With slightly grey skies we left Alagoa and left Barry & Hazel behind and we headed towards Quarteira near Villamoura where we stayed over Christmas a couple of years prior. Nothing special but we decided we needed to chill by ourselves and get a good idea where we’re going on the rest of this trip and also to brainstorm some ideas for future trips and adventures. From the campsite is a nice 6 mile run/walk to the marina at Villamoura along a pretty good beach. Lovely and quiet out of season but no doubt hell in season! Loads of the other tourists appeared to be British on a bargain pre-season package tour. Our second day there saw us do our first 6 mile run since November… Ouch!
Having driven the coast previously, we headed inland on surprisingly good roads and had lunch at Alte – a rather pretty hillside town with spring, river, waterfall and cobbled streets. Perfect weather made the location idyllic. We moved on though and found Silves and wild camped alone next to the river (though 30+ vans were grouped round the corner). Silves has an interesting and good condition castle, pretty city with more cobbled streets, and a sports centre and pool that looked great. We were very pleasantly surprised by the pretty nature of the hilly areas here, much nicer looking and more chilled than the tourist areas of the Algarve.
From Silves we drove to Caldas de Monchique which is a small spa “village” set in great surroundings, but we could not find any of the nice views noted in our book. Then to Monchique where we fancied a walk but it was a little too warm so we cheated and drove to Foia the highest point in Portugal. Bit of a sun-haze so views okay but not spectacular – and the top is spoilt by dozens of aerials, microwave repeaters and radars. But from there, there was a lovely drive along great roads with interesting views along the way – very pretty indeed (N267) – though it was a bit tight joining the E1 main road – so seek alternatives if long, heavy or tall. Along the way there was a huge line of telegraph poles (a few km work) – each with a storks nest, and almost all had a stork standing up in it – quite wierd. At Ourique we found a lovely overnight spot on the Barragem – a first for us – put simply its a reservoir typically with quiet road and loads of parking places. Very peaceful – we stayed near a place called “Chicken Marias” – though the owner (Maria?) was very grumpy!
The following morning we headed to Beja (or BJ!) which sounded good in the book but wasn’t as exciting as we imagined, but potentially we missed a couple of must-sees and didn’t see the castle (Only remembered it after we left and checked the book. Oops). Anyway, on to Portel for lunch that appeared to be very traditionally Portuguese – a nice warm clean feel to it; white-washed buildings; a nice square and a castle you can wander freely around the ramparts enjoying a great view. Worth a lunch stop if nothing else. We filled up with Diesel which cost €97 – blimey – I’m missing the Morocco 56p a litre stuff already!! Then finally on to Evora where we have been before but it was flippin’ cold, so this time in the heat we saw a much more pleasant side. Busy squares and the ability to walk around and see the old walls, aqueduct, and a few other bits we missed previously. We then found a quiet corner to stay the night.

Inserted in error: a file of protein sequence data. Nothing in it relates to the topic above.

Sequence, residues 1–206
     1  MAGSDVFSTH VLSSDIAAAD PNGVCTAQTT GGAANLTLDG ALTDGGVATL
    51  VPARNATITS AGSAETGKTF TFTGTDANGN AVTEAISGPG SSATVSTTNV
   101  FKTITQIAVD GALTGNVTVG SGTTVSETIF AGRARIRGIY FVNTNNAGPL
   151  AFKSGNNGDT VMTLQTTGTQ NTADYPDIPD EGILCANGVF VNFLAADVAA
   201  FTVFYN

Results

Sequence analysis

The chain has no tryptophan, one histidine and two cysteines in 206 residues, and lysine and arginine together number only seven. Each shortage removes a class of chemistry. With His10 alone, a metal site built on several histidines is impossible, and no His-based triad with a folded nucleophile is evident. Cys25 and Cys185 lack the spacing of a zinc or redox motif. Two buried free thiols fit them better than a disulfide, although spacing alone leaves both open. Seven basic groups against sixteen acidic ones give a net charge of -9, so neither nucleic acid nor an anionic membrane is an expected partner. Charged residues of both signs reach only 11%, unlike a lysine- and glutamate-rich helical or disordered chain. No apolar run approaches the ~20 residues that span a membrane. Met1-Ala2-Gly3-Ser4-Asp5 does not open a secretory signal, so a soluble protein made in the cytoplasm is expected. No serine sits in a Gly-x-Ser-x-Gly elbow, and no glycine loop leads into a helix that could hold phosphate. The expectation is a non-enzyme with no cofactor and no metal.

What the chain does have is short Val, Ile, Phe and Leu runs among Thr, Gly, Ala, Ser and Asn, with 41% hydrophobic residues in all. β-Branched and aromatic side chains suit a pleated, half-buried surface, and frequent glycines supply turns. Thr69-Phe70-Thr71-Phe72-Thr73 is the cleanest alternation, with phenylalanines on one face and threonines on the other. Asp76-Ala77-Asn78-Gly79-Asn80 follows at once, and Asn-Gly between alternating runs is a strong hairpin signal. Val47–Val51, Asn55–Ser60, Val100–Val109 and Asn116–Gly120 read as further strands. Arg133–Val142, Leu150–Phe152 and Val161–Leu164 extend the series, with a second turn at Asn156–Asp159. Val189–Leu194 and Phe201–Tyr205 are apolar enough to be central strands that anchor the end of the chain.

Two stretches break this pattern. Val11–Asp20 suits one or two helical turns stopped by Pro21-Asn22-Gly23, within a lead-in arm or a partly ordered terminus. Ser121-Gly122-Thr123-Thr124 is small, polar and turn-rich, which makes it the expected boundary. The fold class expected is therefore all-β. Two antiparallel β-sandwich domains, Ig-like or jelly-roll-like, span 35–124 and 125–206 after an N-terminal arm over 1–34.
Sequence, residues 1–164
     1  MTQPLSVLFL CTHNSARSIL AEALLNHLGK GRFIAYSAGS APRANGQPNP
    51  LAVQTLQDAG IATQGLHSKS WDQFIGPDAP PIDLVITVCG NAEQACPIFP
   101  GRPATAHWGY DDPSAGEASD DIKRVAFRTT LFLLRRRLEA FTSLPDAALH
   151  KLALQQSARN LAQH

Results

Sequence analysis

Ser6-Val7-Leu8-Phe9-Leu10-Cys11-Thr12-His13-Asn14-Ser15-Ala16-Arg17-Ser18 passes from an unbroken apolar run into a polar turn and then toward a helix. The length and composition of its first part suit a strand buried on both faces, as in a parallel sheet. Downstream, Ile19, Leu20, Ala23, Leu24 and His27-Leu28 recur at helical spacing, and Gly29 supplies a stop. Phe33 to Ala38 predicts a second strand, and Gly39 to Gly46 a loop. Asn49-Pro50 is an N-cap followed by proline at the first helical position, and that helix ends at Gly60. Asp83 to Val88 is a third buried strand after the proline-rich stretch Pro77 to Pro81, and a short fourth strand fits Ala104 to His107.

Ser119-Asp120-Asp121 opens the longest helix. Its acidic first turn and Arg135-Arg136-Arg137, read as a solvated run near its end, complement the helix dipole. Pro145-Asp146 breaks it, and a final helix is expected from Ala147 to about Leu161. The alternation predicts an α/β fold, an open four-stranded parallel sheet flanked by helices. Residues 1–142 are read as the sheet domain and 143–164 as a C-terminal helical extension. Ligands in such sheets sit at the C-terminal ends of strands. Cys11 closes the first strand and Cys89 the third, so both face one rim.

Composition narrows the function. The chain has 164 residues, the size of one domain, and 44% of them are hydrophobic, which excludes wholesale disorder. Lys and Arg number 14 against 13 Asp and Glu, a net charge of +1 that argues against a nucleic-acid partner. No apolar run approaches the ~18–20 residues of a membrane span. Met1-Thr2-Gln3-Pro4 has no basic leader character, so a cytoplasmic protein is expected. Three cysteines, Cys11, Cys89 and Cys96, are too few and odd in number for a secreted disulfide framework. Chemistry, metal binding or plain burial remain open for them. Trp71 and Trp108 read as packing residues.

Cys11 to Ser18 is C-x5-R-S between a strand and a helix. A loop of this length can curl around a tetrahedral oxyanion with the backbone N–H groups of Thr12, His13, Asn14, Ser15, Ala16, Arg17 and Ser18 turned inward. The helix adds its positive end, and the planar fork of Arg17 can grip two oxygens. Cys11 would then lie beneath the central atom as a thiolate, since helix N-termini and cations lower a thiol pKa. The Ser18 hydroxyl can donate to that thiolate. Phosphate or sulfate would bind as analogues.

We left Evora on a Sunday which in Europe is generally a good driving day as most things are closed, so we headed NW via Coruche where we had lunch – a very pleasant spot next to the bull-fighting ring ideal for wild camping, and WiFi in the nearby Pizza parlour. From here we headed to Obidos which was a very pleasant surprise if a bit touristy – a lovely castle, oldie style shopping street, and reminiscent of Chefchouen in Morocco – though the latter has oodles more real life character. The main downside of Obidos is that they had a chocolate festival that ended only a few days prior – so the dozens of chocolate stalls were still there but closed. Damn. Almost perfect.
Finally we headed to the coast and Baleal and Peniche, the former has a lovely sandy beach and the latter a rocky peninsular worth a drive around, but due to the wind we just found a sheltered corner to hide away for the night which had its own little sandy bay and rocky outlet. Beautiful.
After a half-hearted morning run around Peniche (which was nice enough) – we left and hugged the coast via São Martinho do Porto which was suitable for overnighting over a lovely relaxing lagoon, on to Nazaré which has a lovely wide sandy bay and cliffs. Glorious at this time of year but judging by the high-rises – hell in the summer. As it was getting late we found a quiet spot near Vale Furado for the night.
We end week 17 enjoying a new side to Portugal, much more rural and quieter than the Algarve with a much more real feel about it. Interesting and varied countryside along the way – much of it very British looking…. Which brings home the fact we’re heading north back to Blighty and the end of this trip, though not for a few weeks….